Other elements of the Bill with specific implications for safeguarding practice include:

Enquiries by Local Authorities

The Care Bill proposes a new legal duty for local authorities to make enquiries when they have a reasonable cause to suspect that an adult in their area has a need of care and support, is at risk of abuse and neglect and is unable to protect him or herself. The local authority must make whatever enquiries it thinks necessary to enable it to decide whether any action should be taken in that adult’s case. The Care Bill also confirms, for the first time in law, that “abuse” includes financial abuse. That includes having money or property stolen; being defrauded; being put under pressure in relation to money or other property; and, having money or other property misused. Advocacy organisations including The College of Social Work have been active in lobbying to ensure that people with complex needs are assessed by ‘appropriately qualified staff’.

Safeguarding Adults Boards

Safeguarding Adults Boards are to become statutory and to be composed of multi-disciplinary members. Again, The College of Social Work, amongst others, has been vocal in lobbying to ensure that the local authority representative on safeguarding adult boards should be social work-qualified.

Safeguarding Adult Reviews

The Care Bill proposes local authority Safeguarding Adults Boards must carry out a formal case review if an adult at risk in their area dies in circumstances where abuse or neglect are known or suspected. It must also carry out a review if it suspects that an adult has experienced serious abuse or neglect. Any review must identify the lessons to be learnt from that adult’s case, and apply those lessons to future cases. The stated aim of a review will be to ensure that lessons are learned from such cases; not to allocate blame, but to improve future practice and partnership working, to minimise the possibility of it happening again. With regard to this issue, The College of Social Work has argued for Safeguarding Adult Review teams to “include a social worker with substantial experience of safeguarding work”. Our Unit continues its work on the current system of Serious Case Reviews for adults.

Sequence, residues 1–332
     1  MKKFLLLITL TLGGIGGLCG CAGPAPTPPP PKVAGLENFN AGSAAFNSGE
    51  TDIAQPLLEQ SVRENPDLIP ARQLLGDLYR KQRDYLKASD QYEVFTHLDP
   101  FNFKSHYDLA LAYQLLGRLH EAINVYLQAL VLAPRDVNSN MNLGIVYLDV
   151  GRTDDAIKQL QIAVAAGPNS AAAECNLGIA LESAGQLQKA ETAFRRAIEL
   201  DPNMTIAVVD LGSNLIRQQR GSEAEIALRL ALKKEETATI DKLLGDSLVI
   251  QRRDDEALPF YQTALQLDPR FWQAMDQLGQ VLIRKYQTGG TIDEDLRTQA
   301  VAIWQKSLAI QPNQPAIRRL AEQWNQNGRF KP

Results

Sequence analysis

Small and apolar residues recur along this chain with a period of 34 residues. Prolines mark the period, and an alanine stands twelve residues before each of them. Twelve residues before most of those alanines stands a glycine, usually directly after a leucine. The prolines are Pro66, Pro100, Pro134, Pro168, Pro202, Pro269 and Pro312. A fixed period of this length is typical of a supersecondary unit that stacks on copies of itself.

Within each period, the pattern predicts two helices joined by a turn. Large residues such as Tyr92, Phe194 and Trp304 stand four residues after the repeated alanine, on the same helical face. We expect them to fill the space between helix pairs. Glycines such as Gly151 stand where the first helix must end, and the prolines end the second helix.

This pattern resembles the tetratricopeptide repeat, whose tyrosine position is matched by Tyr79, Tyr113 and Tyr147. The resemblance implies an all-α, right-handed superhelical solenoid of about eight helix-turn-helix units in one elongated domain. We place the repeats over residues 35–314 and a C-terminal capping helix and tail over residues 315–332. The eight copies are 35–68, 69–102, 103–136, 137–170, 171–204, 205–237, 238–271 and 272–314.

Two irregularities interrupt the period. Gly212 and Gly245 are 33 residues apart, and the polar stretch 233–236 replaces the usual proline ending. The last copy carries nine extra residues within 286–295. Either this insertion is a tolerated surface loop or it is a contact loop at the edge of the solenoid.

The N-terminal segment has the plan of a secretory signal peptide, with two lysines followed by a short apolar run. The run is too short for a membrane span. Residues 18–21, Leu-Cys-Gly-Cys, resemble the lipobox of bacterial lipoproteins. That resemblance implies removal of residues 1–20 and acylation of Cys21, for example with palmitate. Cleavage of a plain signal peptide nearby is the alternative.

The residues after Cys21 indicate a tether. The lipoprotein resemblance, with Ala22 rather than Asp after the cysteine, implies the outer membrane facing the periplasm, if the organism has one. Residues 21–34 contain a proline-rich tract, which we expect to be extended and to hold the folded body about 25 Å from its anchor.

Last week saw the third reading of the Bill in the Lords; a time for tweaking with no major changes suggested. However, there was considerable discussion over an amendment that was tabled, but which after discussion was removed. This focused on safeguarding of vulnerable adults in ‘approved premises’. Lord Patel of Bradford argued that vulnerable people in probation services are not adequately catered for in the Bill and called for a review on “the discharge by probation trusts of their responsibilities for safeguarding adults residing in approved premises” a year after the enactment of the Bill. Lord Patel argued that planned privatisation of probation provision could make it difficult to ensure effective safeguarding provision for those people using probation services. This abandoned amendment raised once more the question of the clarity of roles and responsibilities of all agencies working with people who may be at risk of abuse.

When summing up her contribution to the second reading of the Bill Baroness Campbell said that much depends “on how local authorities choose to implement their responsibilities and powers under this legislation. There is a great danger that this Bill could be ignored as fine words but without teeth”. We await to see what changes, if any, will be made to the Care Bill as it now proceeds through the House of Commons.

Caroline Norrie and Dr Katie Graham are both researchers at the Social Care Workforce Research Unit, King’s College London. They are working on: Models of safeguarding: a study comparing specialist and non-specialist safeguarding teams for adults – currently in its fieldwork stage.